A different path from all of these could have been taken by the new Surrey Forward party, officially registered in April 2022. Launched by local NDP partisans, it has unfortunately but not surprisingly followed the path of its provincial and federal counterparts by straightaway racing to the already overcrowded political middle. The campaign launch announcement of its mayoral candidate, BC NDP MLA Jinny Sims, contained almost no politics whatsoever — in an interview with Postmedia she said, “In order to have the best governance for Surrey, we need to build bridges. And I can tell you that’s where my focus is going to be, to bring people together to find solutions that work for everyone.” Meaningless statements like these have been the norm for most of the candidates most of the time in this election.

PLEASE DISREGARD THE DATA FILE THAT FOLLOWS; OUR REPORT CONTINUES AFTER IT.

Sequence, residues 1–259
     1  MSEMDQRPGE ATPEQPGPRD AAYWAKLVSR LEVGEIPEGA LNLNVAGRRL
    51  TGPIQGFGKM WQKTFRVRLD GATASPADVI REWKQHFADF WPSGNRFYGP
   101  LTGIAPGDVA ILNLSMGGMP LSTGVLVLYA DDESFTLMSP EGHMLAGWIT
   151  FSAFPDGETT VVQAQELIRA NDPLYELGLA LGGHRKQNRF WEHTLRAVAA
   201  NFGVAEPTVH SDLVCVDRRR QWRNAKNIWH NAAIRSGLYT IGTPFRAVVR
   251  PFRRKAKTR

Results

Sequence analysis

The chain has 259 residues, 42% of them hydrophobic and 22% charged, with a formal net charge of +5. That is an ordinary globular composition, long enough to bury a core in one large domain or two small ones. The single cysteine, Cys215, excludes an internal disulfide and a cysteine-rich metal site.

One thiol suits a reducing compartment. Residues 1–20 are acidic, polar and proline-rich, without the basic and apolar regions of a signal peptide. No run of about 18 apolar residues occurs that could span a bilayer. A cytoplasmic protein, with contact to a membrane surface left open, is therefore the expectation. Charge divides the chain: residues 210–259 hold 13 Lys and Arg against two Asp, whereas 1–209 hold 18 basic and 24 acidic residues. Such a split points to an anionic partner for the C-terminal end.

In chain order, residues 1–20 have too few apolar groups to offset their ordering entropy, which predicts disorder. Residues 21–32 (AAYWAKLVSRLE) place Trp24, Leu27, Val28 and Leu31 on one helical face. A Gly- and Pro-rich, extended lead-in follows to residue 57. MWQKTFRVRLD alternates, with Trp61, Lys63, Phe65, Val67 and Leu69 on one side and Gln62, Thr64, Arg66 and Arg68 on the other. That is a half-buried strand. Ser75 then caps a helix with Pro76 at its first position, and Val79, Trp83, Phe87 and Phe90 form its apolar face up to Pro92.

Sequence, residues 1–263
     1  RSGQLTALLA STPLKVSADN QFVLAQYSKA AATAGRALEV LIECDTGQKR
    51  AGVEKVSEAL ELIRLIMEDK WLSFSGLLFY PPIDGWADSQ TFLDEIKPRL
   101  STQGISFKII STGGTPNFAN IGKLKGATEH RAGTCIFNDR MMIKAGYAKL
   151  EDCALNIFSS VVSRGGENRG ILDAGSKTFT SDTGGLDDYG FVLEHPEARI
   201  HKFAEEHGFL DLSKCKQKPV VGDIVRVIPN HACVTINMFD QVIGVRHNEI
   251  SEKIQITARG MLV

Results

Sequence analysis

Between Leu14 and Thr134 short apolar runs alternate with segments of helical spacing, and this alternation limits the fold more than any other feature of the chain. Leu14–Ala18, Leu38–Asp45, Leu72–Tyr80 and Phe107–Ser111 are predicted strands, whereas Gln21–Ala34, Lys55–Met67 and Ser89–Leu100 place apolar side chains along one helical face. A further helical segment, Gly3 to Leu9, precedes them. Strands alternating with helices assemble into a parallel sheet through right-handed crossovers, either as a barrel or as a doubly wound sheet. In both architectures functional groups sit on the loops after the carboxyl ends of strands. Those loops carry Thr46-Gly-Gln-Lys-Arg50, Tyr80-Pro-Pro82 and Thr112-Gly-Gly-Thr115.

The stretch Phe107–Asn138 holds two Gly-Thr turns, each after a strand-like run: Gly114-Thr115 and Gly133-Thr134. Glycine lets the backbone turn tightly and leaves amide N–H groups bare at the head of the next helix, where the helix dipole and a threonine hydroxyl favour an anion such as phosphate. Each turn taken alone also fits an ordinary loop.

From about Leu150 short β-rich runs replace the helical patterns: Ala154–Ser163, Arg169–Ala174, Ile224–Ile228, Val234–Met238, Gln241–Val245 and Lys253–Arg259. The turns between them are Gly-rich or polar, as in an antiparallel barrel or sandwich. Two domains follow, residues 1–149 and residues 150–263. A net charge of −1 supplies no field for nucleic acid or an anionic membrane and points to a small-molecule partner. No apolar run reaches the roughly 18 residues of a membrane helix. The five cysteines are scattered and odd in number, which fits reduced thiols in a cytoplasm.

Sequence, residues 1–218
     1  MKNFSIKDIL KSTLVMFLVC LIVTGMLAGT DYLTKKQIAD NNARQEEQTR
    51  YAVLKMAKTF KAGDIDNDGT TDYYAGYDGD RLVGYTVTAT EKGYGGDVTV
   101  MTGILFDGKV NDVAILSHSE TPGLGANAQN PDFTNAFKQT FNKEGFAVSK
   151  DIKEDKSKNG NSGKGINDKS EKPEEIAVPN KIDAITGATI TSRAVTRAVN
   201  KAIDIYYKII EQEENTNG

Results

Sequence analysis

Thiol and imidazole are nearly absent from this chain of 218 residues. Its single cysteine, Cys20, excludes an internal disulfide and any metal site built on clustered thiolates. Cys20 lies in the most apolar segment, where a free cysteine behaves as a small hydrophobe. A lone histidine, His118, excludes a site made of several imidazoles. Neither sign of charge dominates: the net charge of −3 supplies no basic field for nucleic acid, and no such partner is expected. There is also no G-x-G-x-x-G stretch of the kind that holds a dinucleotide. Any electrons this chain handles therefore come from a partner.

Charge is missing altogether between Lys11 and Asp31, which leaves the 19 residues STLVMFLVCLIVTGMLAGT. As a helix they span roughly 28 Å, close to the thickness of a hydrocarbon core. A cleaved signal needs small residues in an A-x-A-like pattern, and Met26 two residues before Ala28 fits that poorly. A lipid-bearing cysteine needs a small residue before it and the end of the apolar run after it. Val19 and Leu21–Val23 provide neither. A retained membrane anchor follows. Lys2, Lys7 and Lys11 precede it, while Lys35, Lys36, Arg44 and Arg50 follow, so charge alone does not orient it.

On the ever-urgent issue of housing, there is no clear direction towards genuine affordability or social housing. The candidates either use foreign buyers as scapegoats, or focus on the supply side of things where they promise to speed up permits, etc. Simms and McCallum do mention affordable housing in their platforms, but how they plan to get there is left deliberately unclear.
On issues of taxation and funding of services, all we see are classic neoliberal proposals such as lower property taxes or, in some cases, a tax freeze (as proposed by Dhaliwal), combined with new amenities that will barely keep up with the city’s rapidly growing population. There is no radical proposal such as a mansion tax which might impact the millionaires of South Surrey and Cloverdale to build housing for working-class families across the city.